# ASIC is the Federal Government Department which regulates the conduct of the car insurance industry as it relates to consumer transactions. They are responsible for compliance with the Insurance Contracts Act and for the non ‘prudential’ obligations of car insurance companies in their capacity as Financial Service Providers under the Australian Securities and Investments Commission Act 2001 (The ‘ASIC Act’). They are primarily interested in systemic insurance industry problems, professional misconduct, and regulatory offences committed by insurers. They generally will not directly assist consumers to gain individual monetary redress in relation to claims though their investigations may provoke the insurer to resolve issues or offer redress. Compliance action they take might also lead consumers to feel better or vindicated in relation to disputes.
If you feel that a car insurer has contravened their legislative responsibilities you should make reference to that provision in your correspondence. In this regard some key provisions of the legislation administered by ASIC include:
Section 13 – Insurance Contracts Act 1984 – The insurers obligation to act with the ‘utmost good faith’
Part 2 Division 2 and particularly Sections 12CA and 12CB of the ASIC Act – The insurers obligation not to act ‘unconscionably’ (this is complicated to explain but broadly, in plain English, this means to not unfairly use its disproportionate influence to take extreme advantage of someone). Section 12CC ASIC Act explains some of the considerations that are looked at with these provisions.
Section 12BB ASIC Act – Misleading Representations With Respect to Future Matters
Section 12DA ASIC Act – Misleading or Deceptive Conduct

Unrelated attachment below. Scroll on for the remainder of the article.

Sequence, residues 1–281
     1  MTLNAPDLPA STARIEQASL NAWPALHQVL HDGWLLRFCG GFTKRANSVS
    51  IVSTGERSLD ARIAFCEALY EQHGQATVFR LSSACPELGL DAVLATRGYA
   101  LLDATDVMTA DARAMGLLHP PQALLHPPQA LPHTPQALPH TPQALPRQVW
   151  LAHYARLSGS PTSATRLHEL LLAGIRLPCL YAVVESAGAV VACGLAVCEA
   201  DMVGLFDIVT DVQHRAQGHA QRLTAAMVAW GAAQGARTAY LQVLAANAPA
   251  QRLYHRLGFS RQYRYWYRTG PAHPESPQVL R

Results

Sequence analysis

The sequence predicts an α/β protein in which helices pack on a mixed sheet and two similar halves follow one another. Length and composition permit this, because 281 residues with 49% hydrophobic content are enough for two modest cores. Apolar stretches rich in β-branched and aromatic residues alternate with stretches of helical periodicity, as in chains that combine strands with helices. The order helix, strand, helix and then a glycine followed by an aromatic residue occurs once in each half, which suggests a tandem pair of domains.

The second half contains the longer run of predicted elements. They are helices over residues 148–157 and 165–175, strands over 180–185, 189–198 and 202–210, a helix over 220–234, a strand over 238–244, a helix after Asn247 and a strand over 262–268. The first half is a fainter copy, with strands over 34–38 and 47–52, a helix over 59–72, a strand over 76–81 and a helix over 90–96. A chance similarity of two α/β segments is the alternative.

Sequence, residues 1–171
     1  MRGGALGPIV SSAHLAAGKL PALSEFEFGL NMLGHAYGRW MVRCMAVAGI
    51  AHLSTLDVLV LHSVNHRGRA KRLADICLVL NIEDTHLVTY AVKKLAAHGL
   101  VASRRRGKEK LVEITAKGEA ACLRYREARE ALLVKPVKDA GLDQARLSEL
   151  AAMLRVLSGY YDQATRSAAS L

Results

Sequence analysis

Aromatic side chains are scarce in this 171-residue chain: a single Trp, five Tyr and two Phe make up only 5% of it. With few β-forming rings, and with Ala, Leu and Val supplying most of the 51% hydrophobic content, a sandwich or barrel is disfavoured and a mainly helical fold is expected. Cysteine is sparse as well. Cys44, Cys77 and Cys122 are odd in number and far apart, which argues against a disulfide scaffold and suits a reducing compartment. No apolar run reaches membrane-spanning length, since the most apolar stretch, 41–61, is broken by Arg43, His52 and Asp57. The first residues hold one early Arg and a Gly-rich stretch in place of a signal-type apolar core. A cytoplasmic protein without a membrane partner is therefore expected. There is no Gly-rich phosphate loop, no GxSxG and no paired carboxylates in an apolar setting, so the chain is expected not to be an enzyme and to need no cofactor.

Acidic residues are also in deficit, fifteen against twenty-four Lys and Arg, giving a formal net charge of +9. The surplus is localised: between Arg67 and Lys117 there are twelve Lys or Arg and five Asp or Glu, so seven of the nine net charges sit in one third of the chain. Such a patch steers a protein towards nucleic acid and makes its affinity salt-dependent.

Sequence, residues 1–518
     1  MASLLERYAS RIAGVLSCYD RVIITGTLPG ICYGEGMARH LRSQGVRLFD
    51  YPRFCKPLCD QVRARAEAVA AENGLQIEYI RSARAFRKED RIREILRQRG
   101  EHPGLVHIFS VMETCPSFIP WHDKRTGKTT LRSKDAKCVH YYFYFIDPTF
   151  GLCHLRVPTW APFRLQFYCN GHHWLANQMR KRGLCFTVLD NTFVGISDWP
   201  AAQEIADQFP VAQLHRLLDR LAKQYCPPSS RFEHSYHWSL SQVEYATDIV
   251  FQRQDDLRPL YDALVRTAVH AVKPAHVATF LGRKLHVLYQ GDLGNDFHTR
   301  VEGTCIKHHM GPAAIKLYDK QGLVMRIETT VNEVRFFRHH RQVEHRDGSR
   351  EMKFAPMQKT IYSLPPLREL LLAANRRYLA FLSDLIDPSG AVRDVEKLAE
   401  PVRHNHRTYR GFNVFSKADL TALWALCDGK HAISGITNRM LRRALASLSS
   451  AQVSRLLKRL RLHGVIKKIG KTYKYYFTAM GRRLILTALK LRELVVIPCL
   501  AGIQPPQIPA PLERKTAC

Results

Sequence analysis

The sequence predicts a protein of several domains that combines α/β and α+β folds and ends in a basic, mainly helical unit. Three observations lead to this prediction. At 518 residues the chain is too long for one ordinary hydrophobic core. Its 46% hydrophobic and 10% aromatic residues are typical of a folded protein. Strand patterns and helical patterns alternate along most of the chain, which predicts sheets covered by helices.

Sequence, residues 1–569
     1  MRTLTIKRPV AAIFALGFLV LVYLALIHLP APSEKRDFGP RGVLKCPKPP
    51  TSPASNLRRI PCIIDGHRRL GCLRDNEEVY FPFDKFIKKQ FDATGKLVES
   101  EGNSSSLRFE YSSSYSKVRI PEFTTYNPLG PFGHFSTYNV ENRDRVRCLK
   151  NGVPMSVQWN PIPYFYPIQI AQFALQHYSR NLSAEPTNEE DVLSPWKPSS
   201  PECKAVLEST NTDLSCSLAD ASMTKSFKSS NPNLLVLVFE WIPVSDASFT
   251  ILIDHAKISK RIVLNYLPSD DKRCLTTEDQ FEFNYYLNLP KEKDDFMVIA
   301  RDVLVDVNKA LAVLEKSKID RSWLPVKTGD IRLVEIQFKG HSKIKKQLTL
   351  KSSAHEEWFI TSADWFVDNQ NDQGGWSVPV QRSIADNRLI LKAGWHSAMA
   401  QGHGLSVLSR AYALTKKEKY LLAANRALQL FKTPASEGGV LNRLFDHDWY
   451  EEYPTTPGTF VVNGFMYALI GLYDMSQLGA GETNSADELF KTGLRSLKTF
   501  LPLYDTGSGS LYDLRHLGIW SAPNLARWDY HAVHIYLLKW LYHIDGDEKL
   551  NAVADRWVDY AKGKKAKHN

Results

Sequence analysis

Section 12DB ASIC Act – False or Misleading Representations
Section 12DJ ASIC Act – Harassment and Coercion
The Australian Competition & Consumer Commission
The Australian Competition & Consumer Commission (ACCC) administer the Competition & Consumer Act 2010. This is the law that replaced the old Trade Practices Act. They are responsible for the overall regulation of general business transactions including in relation to consumer transactions. However, they are also responsible for ensuring businesses do not engage in anti competitive practices including what are known as illegal ‘exclusive dealing’ arrangements or ‘full line forcing’ or ‘third line forcing’ practices. In relation to car insurance claims this means they can take action where insurance companies try to force a customer to use a particular repairer. Such behaviour (with a few exceptions) is generally illegal and if an insurer is found guilty of such conduct it can ultimately result in very large fines being imposed. This is important to consumers and businesses as it relates to your freedom to choose a repairer you are confident will do the repair properly and not cut corners.